American Students Falling Behind in Use of Electronic Notepads as Replacements for Textbooks

Despite all the noise surrounding the growing popularity of notepads, particularly the iPad, one sector is notably lagging, and that’s the use of notepads as a replacement for textbooks; the reason says Gagdet Lab, is because the companies that make textbooks are doing their best to apply the brakes. It all comes down to money they say, and traditional textbook printing is a cash cow if ever there were one. This is in direct contrast to what is going on in Europe as The Telegraph reports that textbooks are being replaced by notepads and e-readers at a truly historic rate.

This news comes as a sort of sad revelation when viewed in terms of the promise shown when the iPad was first unveiled. Images in television commercials showing animated textbooks in vibrant colors with sound and clips from various sources to back up such material, are now being slowly replaced by commercials touting how fun it is to play video games or interactive communications between friends via social networking sites. This in spite of ventures such as the Inkling, as described just last year in both USA Today newspaper and The New York Times.

Why is the US falling behind in the use of new technology that by all accounts is far better suited to presenting interesting material in a lighter package?

Gadget Lab says it’s all about the bottom line. It’s partly due to the way textbooks are assigned by college professors, and partly about how textbook publishers go about their business.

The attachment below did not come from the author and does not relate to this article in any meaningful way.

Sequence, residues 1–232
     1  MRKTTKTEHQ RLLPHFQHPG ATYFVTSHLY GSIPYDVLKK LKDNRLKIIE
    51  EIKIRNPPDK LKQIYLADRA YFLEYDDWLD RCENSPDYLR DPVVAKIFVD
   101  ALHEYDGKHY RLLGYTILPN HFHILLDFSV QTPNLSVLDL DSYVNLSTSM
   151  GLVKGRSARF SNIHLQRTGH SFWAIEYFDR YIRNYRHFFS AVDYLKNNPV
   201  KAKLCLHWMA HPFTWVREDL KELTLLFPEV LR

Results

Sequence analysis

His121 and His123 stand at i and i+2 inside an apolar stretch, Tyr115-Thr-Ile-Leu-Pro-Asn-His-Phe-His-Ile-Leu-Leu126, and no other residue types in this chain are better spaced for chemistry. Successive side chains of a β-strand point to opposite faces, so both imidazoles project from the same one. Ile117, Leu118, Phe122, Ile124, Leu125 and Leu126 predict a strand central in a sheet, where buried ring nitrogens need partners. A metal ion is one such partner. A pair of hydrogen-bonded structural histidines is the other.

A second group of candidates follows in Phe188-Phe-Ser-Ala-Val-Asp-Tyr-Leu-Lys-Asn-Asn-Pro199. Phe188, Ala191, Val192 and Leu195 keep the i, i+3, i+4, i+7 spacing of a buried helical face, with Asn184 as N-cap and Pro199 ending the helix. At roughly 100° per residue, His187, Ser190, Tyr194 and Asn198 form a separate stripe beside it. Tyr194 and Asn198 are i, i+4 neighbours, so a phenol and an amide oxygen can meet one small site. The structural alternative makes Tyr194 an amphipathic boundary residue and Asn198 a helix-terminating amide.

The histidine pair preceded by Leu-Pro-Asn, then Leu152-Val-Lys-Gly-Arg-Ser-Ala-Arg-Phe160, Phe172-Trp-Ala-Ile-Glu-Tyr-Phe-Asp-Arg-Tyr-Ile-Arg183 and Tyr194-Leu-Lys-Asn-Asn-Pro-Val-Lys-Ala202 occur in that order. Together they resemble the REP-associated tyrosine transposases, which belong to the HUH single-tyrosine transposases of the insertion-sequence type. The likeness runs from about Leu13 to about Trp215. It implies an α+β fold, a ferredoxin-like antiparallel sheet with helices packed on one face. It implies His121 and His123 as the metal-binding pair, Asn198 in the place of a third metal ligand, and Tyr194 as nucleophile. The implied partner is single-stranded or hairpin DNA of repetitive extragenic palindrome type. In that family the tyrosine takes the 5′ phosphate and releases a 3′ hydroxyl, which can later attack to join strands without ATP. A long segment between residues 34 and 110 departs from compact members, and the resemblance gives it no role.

Everyone knows that there isn’t any real money in textbooks until students reach college. Thus, textbook publishers have been raising prices for years; so much so that a regular college textbook now costs more in some cases, than an electronic notebook or laptop. Textbook printers understand that making textbooks available in digital form would mean losing control of their content, thus, the choose to force college students to continue with the old paper model, and because of that, the effect trickles down to high school, middle school and grade school texts as well, leaving American students falling farther and farther behind in the use of new technology in education.

Contrast this with the support e-readers and notepads are getting in Britain, where educators there, according to the Telegraph, say paper texts may disappear completely in less than five years. Reasons cited are the reduction in the volume of stuff students have to carry around. One iPad can replace all of a student’s textbooks for example, as well as serving as a very capable media for taking notes. Thus, along with the disappearance of textbooks, go pens, pencils, writing pads, and erasers. Very soon, students may carry nothing but their notepad, and their lunch.

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